President Macky Sall and his brother Alieu Sall have been named in a BBC investigative report, in which the duo had been allegedly implicated in a ten billion dollars oil scandal, Freedom Newspaper can report. Alieu Sall is the country manager for the oil company called Petro-Tim Limited. Petro Tim is owned by Frank Timis, a Romanian businessman. Sall was hired by Mr. Timis and was put on a monthly salary of twenty-five thousand dollars $25,000, per the BBC findings. His employment contract lasted for five years. Sall’s five years salary was said to have totaled $1.5 million dollars.
Part of Alieu Sall’s work, was to lobby his brother’s government to ensure that the Timis oil company was granted mining license. The company was eyeing for two oil blocks in Senegal.
The Petro-Tim company was registered back in 2011. It was initially being operated from what appeared to be an apartment complex in Dakar.
Timis’s company had no mining record, according to Abdoulie Mbaye, Senegal’s former Prime Minister. Mbaye tells the BBC that there was a conflict of interest from the word go because it was President Macky Sall, who signed the “decree” which allows the mining contract that was awarded to Petro-Tim Limited to go ahead. Mbaye also added that President Sall’s biological brother Alieu Sall, works for the said company, which was a beneficiary to the scandalous oil deal. Mbaye describes the oil scandal as serious.
Alieu Sall has no oil mining experience. He was hired on condition that Frank Timis was allowed to keep the valuable concessions. The contract Sall signed with Petro- Tim, shows that the President’s brother was paid $25,000 for five years. Alieu Sall was promised shares worth three million dollars in Frank Timis’s company, the BBC reported.
Jeremy Carver is a lawyer, who specializes in due diligence and corruption. Carver says the monthly payments of $25,000 dollars for a consultancy is little surprisingly large for somebody that has no previous experience in that industry.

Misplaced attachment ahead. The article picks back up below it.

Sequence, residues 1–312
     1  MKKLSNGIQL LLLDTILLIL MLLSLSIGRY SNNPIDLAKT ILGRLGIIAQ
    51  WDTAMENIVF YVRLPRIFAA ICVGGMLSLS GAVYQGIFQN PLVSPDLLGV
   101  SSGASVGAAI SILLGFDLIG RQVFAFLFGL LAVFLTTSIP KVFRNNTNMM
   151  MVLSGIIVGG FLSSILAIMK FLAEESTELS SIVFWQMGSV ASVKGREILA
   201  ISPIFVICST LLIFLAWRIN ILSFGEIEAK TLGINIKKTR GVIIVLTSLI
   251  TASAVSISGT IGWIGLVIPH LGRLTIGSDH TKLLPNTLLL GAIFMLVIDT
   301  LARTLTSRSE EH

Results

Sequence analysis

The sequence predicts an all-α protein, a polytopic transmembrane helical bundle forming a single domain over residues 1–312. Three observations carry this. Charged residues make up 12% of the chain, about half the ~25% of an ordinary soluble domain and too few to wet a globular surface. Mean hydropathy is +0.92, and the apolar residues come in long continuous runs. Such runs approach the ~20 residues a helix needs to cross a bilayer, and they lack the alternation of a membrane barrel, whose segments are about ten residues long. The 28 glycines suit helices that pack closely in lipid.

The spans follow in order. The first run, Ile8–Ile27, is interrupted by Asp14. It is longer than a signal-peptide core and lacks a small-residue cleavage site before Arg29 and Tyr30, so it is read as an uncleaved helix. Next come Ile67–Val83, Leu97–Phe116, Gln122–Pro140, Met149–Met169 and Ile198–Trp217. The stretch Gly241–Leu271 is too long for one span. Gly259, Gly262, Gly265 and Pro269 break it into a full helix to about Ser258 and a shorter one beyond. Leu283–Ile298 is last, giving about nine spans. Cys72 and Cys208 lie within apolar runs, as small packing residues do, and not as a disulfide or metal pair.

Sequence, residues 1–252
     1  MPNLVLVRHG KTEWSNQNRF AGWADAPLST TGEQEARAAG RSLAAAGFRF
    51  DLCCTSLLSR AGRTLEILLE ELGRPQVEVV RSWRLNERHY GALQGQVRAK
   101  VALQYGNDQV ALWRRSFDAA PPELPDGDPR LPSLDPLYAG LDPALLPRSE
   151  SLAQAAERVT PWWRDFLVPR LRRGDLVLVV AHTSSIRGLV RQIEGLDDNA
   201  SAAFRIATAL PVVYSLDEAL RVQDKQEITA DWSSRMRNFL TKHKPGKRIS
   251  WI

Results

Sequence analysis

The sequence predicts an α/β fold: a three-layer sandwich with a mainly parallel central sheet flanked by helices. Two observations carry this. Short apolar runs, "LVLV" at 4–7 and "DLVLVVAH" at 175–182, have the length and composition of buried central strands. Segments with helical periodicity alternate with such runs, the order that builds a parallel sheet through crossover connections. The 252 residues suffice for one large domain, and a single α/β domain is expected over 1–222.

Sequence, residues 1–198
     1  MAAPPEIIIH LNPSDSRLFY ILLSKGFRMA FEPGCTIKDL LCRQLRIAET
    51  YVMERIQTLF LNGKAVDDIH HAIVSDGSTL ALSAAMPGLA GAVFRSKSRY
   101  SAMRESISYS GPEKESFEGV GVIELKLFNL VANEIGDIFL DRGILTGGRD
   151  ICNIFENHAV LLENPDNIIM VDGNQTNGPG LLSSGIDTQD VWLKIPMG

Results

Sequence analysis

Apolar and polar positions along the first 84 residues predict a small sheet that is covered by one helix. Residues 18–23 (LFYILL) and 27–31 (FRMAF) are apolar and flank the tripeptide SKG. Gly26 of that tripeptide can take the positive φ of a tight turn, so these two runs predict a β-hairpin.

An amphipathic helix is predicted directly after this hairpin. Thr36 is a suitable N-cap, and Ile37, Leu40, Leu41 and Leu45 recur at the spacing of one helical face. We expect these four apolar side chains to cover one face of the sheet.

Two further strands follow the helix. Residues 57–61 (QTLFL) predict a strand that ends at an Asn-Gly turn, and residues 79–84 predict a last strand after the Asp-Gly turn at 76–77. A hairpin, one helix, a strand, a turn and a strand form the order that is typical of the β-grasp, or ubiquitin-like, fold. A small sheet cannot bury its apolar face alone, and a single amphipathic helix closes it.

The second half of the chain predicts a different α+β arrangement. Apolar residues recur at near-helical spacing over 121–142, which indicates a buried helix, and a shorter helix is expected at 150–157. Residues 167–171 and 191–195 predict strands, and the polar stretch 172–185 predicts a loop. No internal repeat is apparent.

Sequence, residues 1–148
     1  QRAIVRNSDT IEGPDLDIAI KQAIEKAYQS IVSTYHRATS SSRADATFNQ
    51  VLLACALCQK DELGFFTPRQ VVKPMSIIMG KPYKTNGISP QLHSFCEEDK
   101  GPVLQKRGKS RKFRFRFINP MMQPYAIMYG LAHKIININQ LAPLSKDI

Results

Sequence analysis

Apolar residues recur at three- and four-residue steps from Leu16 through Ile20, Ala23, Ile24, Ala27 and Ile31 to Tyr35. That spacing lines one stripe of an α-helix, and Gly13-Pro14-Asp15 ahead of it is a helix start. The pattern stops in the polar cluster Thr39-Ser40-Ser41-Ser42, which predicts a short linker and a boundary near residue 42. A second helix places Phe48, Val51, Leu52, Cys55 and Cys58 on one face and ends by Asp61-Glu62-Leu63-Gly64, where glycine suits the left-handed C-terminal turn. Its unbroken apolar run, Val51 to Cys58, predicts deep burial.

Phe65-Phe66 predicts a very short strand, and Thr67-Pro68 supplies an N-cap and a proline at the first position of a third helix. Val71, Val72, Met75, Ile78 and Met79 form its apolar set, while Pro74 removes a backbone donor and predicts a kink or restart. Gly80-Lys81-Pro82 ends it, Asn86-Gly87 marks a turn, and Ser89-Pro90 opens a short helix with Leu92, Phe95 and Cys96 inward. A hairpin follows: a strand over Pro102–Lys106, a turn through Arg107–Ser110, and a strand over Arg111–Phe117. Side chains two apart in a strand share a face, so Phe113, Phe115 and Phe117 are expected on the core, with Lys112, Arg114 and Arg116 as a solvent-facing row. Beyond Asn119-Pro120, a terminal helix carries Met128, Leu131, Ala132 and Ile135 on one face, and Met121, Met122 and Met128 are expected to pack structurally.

“The explanation for it seems to be he is connected with the confirmation by his brother the President of the licensed blocks. I do find the payments suspicious. The linkage between the two, it is unmistakable in my view,” Carver tells the BBC.
Mamadou Lamine Diallo is a Senegalese opposition MP. Diallo was showed the consultancy agreement Alieu Sall had entered into with Petro-Tim.
“ I think it is very clear here that Alieu Sall was involved to convince his brother to sign the decrees and give the blocks to Petro-Tim and Petro-Tim has no technical and financial capacity to get those blocks,” MP Diallo said.
“This is shocking because you should know that President Macky Sall came to power under strong commitment of good governance; he just betrayed our hope and we are definitely shock on that. It is a shame,” Diallo remarked.
Alieu Sall had denied the corruption allegations. He also denied receiving the three million dollars shares. His lawyer tells the BBC that Sall was engaged for his expertise and not because he happened to be the brother of President Sall. His lawyer also said Alieu Sall never attended any meeting about the deal with President Sall.
But the BCC says it had a document in its possession which suggests that such claims are not true. The document suggests that Alieu Sall met with his brother President Sall as a courtesy to inform him about the application.
According to the BBC “BP has agreed to pay around ten billion dollars to a businessman involved in a suspicious energy deal. The energy giant bought Frank Timis’s stake in a gas field off the coast of Senegal for $250 million in 2017. But documents obtained by BBC Panorama and Africa Eye reveal that BP will also pay his company between nine and twelve billion dollars in royalties. Both BP and Mr Timis deny any wrongdoing.”
Frank Timis used to operate businesses in the United Kingdom. The BBC says he had two past convictions in supplying heroines back in 90s.
The oil giant BP, recently signed an oil exploration deal with The Gambian government. This followed failed mining exploration spearheaded by a Norwegian company FAR LIMITED. FAR LIMITED was allocated two oil blocks by The Gambian government. Initial exploration tests had proven negative.